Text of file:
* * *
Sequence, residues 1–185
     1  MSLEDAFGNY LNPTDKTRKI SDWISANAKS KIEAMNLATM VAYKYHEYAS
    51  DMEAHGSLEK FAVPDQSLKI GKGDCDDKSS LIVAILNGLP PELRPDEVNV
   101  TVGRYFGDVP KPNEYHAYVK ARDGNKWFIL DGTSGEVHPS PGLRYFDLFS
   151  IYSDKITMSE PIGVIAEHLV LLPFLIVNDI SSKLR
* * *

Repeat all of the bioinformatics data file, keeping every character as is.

Sequence, residues 1–185
     1  MSLEDAFGNY LNPTDKTRKI SDWISANAKS KIEAMNLATM VAYKYHEYAS
    51  DMEAHGSLEK FAVPDQSLKI GKGDCDDKSS LIVAILNGLP PELRPDEVNV
   101  TVGRYFGDVP KPNEYHAYVK ARDGNKWFIL DGTSGEVHPS PGLRYFDLFS
   151  IYSDKITMSE PIGVIAEHLV LLPFLIVNDI SSKLR